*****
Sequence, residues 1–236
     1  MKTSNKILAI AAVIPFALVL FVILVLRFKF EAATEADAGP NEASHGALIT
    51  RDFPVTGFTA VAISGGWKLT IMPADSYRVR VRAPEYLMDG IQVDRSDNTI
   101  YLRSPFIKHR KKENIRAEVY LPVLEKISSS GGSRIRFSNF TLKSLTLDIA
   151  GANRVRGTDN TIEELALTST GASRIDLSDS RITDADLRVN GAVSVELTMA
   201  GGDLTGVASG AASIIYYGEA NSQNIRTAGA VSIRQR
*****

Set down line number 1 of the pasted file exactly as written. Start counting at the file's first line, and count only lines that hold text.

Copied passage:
Sequence, residues 1–236